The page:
Shadow Of Rome

We all know the saying: When in Rome, cave enemies' heads in with unfortunately-named combo moves (e.g. the skull-splitting "Juicy Tomato") or spend your days skulking about the Senate. At least, that's how the story goes throughout Shadow Of Rome, Capcom's first action-adventure targeted at Western audiences. As gladiator Agrippa, an adorable lug whose throaty bellows often lapse into incomprehensible, Fozzie Bear-like warbles, or dandy Octavianus, you'll investigate Caesar's murder via strength of arms and subterfuge, respectively.

Alas, it's precisely that schizophrenic approach that keeps the game from kicking maximus assus. A killer combat system–tapping buttons lets players lop off limbs with swords, scimitars, axes, maces and more–will assuredly leave players thirsting for blood. But pray as you might for additional encounters with massive barbarians, loutish legionnaires, and grotesquely beefy bosses, you'll have to sit through long-winded story sequences and poorly paced stealth scenarios ad infinitum. It wouldn't be so bad if the script was a literary triumph; instead, viewers are treated to plot twists so clichéd that they make Steve Reeves movies look like Ben-Hur. Still, for every agonizing moment you'll spend slowly tiptoeing about or answering guards' incessant questions, there's an equally brilliant beheading around the corner.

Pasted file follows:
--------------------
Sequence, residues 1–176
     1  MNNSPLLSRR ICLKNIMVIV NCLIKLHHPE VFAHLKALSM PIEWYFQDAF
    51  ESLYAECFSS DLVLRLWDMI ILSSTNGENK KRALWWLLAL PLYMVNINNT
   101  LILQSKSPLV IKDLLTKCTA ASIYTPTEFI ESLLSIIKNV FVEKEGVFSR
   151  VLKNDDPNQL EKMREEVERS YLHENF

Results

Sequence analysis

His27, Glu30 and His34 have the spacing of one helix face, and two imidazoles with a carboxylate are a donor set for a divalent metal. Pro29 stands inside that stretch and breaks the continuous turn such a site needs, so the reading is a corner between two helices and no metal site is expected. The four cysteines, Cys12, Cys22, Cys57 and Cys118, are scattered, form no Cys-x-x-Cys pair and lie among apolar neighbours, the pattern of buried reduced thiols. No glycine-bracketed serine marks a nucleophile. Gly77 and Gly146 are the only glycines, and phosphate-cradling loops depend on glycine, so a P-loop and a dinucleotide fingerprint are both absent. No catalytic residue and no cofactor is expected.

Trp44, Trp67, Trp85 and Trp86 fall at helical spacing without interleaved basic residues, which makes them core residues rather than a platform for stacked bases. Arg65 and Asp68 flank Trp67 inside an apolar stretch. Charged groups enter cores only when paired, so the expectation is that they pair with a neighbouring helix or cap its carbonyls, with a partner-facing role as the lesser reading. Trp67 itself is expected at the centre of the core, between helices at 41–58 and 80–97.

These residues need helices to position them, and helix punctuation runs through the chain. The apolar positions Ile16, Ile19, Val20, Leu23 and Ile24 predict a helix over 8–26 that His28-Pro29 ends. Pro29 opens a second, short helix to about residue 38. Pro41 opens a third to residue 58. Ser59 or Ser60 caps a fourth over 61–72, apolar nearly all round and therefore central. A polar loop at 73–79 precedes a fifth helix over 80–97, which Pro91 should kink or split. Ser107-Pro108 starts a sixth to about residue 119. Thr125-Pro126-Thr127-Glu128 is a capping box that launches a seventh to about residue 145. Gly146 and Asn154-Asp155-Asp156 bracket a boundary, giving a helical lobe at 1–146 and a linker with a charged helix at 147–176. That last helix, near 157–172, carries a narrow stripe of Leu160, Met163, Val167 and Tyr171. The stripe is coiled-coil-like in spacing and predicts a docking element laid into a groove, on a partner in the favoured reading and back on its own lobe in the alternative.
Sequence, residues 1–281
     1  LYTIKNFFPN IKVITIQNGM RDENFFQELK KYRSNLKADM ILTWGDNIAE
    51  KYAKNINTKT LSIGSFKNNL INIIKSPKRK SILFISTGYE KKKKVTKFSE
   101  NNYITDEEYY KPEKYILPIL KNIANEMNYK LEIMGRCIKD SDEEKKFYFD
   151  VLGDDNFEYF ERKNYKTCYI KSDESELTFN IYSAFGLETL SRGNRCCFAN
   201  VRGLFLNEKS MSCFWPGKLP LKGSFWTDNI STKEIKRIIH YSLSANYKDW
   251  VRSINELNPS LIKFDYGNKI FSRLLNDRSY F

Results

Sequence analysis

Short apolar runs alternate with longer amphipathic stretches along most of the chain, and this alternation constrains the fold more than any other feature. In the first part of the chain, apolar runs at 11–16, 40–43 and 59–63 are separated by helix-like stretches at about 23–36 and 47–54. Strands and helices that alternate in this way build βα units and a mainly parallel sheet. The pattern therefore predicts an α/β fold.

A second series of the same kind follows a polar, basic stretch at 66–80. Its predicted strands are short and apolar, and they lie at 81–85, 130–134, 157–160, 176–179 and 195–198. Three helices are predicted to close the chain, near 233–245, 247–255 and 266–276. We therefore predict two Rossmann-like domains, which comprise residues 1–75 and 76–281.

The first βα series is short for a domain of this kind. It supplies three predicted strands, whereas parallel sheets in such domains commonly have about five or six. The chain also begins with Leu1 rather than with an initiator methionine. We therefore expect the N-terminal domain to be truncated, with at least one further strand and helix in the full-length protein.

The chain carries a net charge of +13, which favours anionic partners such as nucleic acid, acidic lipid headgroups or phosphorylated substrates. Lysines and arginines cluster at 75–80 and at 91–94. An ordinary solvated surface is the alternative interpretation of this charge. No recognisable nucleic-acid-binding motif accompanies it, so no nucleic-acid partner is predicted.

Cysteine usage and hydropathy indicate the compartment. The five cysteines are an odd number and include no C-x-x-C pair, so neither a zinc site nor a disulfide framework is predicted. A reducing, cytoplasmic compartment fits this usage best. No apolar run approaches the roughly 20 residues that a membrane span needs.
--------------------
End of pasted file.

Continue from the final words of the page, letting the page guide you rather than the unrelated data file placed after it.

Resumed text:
Beyond the gameplay: There have been porn films with better casting than this. Amateurs provide character voiceovers, rendering otherwise attractive cutscenes into a painful experience. The easiest way to survive each sitting: Make a drinking game of it. Pound one every time a) someone loses a relative, b) the heroes shriek in abject horror, and c) seemingly interesting individuals lose any appeal the second they open their mouths.

Worth playing for: Random amputations. Lop off an enemy's arm, and you can then pick up the limb and pummel their associates with it.

Frustration sets in when: You realize it's been half an hour since the last save point... and there's no auto-record feature.

Final judgment: Caveat emptor. As much as we adore armed encounters, the sub-par sneaking segments render it a hit-or-miss affair. Hold out hope for the inevitable sequel.

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